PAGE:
Sandro Kirchner, Dr. Jörg Lange and Dr. Brigitte Knopf discussed with presenter Matthias Altmann. 

Great potential savings in the energy sector
Lange made clear that virtually no one was currently calling for a ban on energy-intensive industry in Germany. However, he said industry had to reduce emissions. In general, he wished that people would talk less about targets, and more about measures. That way, millions of tonnes of carbon could be saved. Anyone working with the material was aware that, in the context of the annual review prescribed by the EU, savings targets would not even be met in 2020. “In such a situation, emergency measures need to be taken,” he argued. He believed there would be a public outcry. Lange saw enormous savings potential in the energy sector, believing that emissions in this area could drop substantially if a carbon charge was introduced. “The big power plants in Germany alone emit around 300 million tonnes of carbon each year,” he pointed out. Of this amount, 200 million tonnes could be saved if even a moderate carbon charge is decided on. The charge will increase from €40 per tonne today to €90 in 2030.” 

How expensive could it become if we – and many other countries besides – fail to achieve the targets for 2030? “For me, it is not a question of cost, because we would be jeopardising our very livelihoods,” said Lange. In 2016, the Federal Environmental Agency tried to make the impact of climate damage more tangible, and estimated it was costing €180 for each tonne of carbon emitted. “The costs will increase to several hundred euros per tonne by 2050,” he predicted. “It will be much more expensive than today to get climate damage under control to some degree.” One thing that is certain is that it will prove expensive for German taxpayers, because penalties of up to an estimated €60bn will be payable to the EU if we fail to meet the targets for 2030. “That is why the Government has left the door open for a serious revision of climate change measures from 2026, with the option of introducing binding emission limits,” added MCC General Secretary Knopf. This means we are wasting valuable time.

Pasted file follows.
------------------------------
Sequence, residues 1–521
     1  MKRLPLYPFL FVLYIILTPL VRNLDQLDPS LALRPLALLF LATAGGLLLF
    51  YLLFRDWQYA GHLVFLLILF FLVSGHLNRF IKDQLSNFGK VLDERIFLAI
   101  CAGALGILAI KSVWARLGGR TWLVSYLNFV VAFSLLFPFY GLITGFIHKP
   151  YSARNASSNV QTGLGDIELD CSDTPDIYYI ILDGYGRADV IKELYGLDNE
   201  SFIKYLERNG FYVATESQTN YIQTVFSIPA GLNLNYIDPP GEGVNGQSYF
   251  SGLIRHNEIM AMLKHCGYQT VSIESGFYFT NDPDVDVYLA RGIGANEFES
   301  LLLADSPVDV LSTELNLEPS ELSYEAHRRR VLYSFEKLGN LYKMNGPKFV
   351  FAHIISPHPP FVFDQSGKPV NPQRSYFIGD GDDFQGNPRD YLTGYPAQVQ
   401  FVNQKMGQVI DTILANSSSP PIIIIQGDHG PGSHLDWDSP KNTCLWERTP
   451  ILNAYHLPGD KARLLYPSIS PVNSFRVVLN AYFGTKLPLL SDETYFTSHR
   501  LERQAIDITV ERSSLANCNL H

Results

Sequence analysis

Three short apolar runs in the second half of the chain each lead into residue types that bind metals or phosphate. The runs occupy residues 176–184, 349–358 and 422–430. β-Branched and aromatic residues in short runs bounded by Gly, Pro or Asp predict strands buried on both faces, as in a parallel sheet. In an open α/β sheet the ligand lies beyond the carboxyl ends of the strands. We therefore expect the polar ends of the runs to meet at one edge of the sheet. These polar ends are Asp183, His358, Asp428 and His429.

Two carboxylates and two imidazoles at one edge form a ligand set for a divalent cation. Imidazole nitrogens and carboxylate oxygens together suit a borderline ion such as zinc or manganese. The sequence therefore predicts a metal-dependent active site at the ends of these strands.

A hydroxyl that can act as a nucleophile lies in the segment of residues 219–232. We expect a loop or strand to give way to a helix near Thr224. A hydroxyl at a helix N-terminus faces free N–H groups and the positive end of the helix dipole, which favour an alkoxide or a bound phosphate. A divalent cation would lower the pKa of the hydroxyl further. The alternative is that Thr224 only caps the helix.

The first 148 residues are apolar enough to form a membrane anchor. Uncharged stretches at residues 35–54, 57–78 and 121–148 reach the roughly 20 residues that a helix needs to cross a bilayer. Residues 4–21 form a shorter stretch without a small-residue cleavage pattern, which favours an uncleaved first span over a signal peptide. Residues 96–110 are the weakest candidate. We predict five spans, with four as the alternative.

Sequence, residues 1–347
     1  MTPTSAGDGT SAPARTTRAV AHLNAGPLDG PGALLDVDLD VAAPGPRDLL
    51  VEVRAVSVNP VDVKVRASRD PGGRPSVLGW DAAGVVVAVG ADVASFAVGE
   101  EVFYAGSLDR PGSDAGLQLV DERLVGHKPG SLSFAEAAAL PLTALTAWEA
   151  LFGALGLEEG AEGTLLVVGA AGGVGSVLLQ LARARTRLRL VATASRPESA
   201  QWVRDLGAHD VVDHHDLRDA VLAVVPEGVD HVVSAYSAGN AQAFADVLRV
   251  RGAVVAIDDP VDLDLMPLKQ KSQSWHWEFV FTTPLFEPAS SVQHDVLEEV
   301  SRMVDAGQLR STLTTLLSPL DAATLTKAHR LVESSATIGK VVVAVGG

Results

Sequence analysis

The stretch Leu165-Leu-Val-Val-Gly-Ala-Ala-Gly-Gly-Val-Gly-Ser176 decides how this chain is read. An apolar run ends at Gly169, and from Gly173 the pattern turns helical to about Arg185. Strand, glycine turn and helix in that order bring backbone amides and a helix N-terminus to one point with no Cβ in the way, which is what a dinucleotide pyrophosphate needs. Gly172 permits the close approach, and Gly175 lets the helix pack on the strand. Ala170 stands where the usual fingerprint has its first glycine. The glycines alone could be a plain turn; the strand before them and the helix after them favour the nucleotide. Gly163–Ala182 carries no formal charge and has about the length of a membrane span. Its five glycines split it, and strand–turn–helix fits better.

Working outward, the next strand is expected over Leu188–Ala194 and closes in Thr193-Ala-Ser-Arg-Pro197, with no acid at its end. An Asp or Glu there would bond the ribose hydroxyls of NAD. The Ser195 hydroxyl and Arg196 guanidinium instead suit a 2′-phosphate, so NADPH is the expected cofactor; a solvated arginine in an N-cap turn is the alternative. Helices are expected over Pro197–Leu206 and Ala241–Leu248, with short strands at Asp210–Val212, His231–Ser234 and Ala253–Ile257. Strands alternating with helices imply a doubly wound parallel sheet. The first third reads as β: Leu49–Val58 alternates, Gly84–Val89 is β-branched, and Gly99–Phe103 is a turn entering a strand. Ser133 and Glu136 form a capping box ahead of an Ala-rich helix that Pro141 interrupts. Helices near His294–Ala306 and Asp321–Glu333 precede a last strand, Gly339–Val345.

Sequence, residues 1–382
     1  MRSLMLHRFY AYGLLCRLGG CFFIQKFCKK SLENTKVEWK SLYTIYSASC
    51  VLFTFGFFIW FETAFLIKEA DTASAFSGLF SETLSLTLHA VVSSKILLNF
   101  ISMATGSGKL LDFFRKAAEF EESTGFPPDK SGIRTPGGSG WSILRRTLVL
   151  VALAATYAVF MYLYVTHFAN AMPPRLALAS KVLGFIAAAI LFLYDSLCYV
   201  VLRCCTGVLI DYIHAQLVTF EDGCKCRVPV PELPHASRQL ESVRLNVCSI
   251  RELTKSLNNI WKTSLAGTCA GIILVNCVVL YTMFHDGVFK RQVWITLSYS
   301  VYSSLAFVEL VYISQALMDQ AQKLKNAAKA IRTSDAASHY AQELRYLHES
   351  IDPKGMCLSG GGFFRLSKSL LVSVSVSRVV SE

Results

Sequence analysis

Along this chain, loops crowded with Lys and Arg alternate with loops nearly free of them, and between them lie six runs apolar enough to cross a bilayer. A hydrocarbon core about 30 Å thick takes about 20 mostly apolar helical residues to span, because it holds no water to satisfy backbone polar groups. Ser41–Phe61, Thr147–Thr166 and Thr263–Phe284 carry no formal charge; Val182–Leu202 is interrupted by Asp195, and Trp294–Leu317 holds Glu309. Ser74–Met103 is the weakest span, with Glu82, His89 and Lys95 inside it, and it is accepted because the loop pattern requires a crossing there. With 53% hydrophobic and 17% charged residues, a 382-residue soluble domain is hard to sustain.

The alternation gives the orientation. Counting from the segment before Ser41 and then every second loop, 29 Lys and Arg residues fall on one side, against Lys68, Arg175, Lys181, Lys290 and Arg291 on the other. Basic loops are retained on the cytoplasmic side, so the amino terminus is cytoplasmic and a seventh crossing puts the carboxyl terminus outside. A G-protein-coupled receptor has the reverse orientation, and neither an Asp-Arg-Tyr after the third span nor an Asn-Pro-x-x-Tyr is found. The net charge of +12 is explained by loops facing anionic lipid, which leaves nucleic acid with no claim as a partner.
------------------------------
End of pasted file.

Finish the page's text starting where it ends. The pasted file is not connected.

Companies are further ahead than politicians
“If we do not achieve the targets, then of course there will be penalties,” conceded Kirchner. “The question now is whether tightening the screws would make things even more expensive.” The economy could collapse and tax revenues would not then be available.” Lange responded that there was no other choice than to push the restructuring of the economy and the development of infrastructure. He said that many companies have done more in this context and, internally, would have been expecting the introduction of carbon charges for some time. “Politicians in many cases are just playing catch-up and following the lead of the industry associations,” he added. But he felt it was important that the latter reflected the opinions of the individual companies. He proposed creating more space for innovation in companies, and launching new business models to ensure a smooth transition to reduced emissions. He warned that the changeover would be much more difficult if we waited until 2025. Lange was convinced that, if we had started 30 years ago to charge €10 per tonne for carbon emissions, and had slightly increased the price each year, the situation today would be very different. 

The evening’s discussion made clear that climate protection will come at a cost. But it will be even more expensive if we do not rapidly reduce carbon emissions. Politicians, business leaders, and other interest groups will doubtless be discussing the distribution of costs for some time to come. However, one thing is certain: if the climate package the federal government approved in 2019 is not revised, Germany’s climate targets will be at risk.

 28 October 2019